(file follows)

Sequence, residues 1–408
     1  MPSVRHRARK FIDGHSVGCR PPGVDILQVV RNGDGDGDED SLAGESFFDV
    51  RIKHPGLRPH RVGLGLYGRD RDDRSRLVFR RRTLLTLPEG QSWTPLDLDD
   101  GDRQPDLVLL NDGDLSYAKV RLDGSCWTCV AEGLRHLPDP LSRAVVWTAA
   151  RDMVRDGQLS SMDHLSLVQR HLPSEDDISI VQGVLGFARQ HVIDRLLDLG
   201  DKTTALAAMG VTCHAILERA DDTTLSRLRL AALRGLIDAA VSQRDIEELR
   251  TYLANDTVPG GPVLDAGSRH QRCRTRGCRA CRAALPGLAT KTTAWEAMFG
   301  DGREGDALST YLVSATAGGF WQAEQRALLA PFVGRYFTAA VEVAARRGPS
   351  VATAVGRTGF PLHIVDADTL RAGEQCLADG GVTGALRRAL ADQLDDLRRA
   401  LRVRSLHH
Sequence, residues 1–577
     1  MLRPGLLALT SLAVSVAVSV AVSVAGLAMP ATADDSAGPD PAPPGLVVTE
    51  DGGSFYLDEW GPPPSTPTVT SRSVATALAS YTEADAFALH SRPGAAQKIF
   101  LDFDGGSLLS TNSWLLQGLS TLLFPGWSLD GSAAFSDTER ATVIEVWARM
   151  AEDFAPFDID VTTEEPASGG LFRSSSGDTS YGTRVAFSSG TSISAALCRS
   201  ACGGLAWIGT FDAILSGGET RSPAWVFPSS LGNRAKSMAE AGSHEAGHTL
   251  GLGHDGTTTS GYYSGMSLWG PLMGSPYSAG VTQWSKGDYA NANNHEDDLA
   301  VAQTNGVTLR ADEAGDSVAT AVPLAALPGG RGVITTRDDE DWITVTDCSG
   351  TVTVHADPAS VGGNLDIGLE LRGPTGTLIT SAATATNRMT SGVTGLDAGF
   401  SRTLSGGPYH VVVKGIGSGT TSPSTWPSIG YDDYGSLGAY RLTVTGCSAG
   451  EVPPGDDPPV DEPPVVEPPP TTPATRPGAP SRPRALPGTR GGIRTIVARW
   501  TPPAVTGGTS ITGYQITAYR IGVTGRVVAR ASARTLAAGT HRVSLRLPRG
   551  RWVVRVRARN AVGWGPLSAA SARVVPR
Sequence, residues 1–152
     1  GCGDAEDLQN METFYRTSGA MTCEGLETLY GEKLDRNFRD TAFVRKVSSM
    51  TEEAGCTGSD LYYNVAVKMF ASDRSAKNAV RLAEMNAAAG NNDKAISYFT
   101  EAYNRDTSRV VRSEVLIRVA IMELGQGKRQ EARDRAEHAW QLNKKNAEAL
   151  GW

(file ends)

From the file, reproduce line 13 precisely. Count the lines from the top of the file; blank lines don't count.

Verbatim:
    51  DGGSFYLDEW GPPPSTPTVT SRSVATALAS YTEADAFALH SRPGAAQKIF